After this, problems started to pursue. I was hungry, and wanted to get some air for a while. So I walked to the exit and saw a sign that explicitly said NO RE-ENTRY. No walking into town to grab a coffee, instead I had to remain in the student union until the final performance. And with all the moshed-out, sweaty hardcore fans piling up the walls of Leeds University’s Student Union, it was irritating to pay over-extortionate prices on food with no opportunity to take a break from the onslaught of musical heaviness. A poor move from the organisers, there were many complaints from the festival-goers, and as the day went on it became quieter and quieter, with a notable amount of people leaving early.
And after an uninspired set of subdrops from Continents, more disappointment came from progressive-metal/djent band Born of Osiris. They’re a band whose studio sounds have been amazing lovers of technical metal since 2009, so it was a shame their live set at Ghostfest flunked so badly. Despite an energetic performance, with vocalist Ronnie Canizaro showing plenty of drive in trying to push the audience to enjoy themselves, it was unfortunate that the majority of people were unmoved for their set. Perhaps it was due to their placement in the day (it was just before 5pm), or due to the intensity of Turnstile’s set making everyone fatigued. The songs that did get people moving only got people dancing for a short period, before everyone settled back into a state of comfort again. A confusing set, it was a shame to see such a talented band so neglected by their audience.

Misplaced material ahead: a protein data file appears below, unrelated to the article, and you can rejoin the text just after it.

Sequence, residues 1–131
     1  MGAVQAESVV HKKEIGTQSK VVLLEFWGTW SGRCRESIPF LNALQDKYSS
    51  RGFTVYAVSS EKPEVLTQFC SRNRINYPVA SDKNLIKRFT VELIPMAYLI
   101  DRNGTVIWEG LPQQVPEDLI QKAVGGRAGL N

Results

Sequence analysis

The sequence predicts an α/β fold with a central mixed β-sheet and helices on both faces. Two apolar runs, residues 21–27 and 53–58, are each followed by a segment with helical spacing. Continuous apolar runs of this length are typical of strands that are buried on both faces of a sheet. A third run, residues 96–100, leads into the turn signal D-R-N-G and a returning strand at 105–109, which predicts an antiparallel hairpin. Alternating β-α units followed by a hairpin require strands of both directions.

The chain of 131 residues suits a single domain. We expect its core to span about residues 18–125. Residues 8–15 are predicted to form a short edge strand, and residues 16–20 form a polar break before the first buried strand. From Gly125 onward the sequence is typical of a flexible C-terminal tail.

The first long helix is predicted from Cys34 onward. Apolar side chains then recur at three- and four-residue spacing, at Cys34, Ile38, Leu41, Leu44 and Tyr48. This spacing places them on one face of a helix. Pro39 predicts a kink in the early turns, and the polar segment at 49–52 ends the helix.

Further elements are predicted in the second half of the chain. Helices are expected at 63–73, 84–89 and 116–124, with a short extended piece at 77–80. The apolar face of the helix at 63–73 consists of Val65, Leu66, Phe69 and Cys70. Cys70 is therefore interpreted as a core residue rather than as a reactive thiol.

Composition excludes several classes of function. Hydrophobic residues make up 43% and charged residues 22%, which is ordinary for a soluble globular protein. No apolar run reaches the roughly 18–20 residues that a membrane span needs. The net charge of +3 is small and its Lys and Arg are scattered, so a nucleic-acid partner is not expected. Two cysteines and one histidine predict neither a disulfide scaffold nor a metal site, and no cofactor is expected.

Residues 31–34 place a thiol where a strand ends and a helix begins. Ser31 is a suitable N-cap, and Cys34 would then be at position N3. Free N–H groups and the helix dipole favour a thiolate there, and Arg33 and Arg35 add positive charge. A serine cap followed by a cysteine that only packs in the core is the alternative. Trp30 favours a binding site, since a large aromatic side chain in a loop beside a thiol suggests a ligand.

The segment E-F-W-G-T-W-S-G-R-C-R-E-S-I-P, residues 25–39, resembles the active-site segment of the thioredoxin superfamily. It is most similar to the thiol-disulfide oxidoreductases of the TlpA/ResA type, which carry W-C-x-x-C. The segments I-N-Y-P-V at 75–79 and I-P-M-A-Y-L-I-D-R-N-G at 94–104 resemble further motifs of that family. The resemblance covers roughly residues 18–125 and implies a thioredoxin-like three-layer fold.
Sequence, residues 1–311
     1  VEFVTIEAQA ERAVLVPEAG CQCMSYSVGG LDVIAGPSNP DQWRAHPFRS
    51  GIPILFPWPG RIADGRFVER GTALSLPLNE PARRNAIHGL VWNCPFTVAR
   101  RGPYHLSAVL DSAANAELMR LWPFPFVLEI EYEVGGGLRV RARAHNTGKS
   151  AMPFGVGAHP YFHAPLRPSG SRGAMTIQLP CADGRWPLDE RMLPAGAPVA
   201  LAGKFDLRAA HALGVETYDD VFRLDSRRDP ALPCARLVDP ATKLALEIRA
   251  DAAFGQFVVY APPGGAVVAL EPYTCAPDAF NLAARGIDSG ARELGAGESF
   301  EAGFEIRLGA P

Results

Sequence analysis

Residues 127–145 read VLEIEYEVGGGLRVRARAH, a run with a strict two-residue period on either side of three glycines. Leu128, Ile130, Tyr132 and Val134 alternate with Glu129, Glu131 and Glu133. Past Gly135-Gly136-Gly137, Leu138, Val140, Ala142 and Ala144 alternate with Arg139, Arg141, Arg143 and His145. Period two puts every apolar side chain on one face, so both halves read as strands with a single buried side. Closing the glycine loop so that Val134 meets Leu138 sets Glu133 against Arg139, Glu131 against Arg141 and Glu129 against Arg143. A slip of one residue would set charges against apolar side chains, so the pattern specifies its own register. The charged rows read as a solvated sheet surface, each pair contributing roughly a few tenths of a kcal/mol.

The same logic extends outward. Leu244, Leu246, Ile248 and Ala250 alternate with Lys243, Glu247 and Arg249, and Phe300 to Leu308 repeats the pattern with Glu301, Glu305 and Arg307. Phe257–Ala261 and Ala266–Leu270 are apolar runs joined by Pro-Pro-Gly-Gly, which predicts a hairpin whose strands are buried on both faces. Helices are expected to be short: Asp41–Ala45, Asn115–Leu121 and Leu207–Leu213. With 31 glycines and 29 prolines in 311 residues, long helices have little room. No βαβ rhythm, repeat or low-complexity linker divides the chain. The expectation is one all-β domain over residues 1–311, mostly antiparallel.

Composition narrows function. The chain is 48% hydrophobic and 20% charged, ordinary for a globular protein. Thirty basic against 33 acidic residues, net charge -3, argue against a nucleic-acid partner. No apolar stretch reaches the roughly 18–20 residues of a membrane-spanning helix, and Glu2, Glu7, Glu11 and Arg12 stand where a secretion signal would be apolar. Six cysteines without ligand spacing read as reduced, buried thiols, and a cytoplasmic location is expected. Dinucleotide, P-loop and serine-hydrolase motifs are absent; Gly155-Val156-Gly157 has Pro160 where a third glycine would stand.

I then jumped between a few bands. Slaughter to Prevail stick out in memory: filled with the lowest growls I’ve ever heard, the Russian slam/deathcore band delivering a terrifying, distinctive performance, whose ability at being cathartic was second to none. The vocals themselves were incredible in a near-inhuman manner, but musically they left little of an impression. With repetition without pay-off, and a sound that was so chaotic and heavy it sounded cheesy, I personally found the band to be too niche to be enjoyable. I also saw Despised Icon later in the day, but a 30-minute delay due to kick-drum problems meant a restless crowd (and not necessarily in a good way) by the time they hit the stage.